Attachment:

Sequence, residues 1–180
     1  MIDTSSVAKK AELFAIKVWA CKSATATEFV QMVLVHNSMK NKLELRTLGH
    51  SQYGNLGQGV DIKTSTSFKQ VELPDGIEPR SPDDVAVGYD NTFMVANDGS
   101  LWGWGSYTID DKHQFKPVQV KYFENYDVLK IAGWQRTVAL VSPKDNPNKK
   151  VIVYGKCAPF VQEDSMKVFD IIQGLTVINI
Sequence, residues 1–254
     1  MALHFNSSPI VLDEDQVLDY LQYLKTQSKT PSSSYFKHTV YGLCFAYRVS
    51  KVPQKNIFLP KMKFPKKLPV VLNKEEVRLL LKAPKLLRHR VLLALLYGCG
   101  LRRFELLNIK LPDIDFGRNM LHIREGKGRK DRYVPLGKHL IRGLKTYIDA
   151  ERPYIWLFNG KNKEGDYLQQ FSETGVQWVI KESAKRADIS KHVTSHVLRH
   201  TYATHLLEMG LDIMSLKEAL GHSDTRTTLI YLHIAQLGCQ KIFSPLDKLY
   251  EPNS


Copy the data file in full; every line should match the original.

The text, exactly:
Sequence, residues 1–180
     1  MIDTSSVAKK AELFAIKVWA CKSATATEFV QMVLVHNSMK NKLELRTLGH
    51  SQYGNLGQGV DIKTSTSFKQ VELPDGIEPR SPDDVAVGYD NTFMVANDGS
   101  LWGWGSYTID DKHQFKPVQV KYFENYDVLK IAGWQRTVAL VSPKDNPNKK
   151  VIVYGKCAPF VQEDSMKVFD IIQGLTVINI
Sequence, residues 1–254
     1  MALHFNSSPI VLDEDQVLDY LQYLKTQSKT PSSSYFKHTV YGLCFAYRVS
    51  KVPQKNIFLP KMKFPKKLPV VLNKEEVRLL LKAPKLLRHR VLLALLYGCG
   101  LRRFELLNIK LPDIDFGRNM LHIREGKGRK DRYVPLGKHL IRGLKTYIDA
   151  ERPYIWLFNG KNKEGDYLQQ FSETGVQWVI KESAKRADIS KHVTSHVLRH
   201  TYATHLLEMG LDIMSLKEAL GHSDTRTTLI YLHIAQLGCQ KIFSPLDKLY
   251  EPNS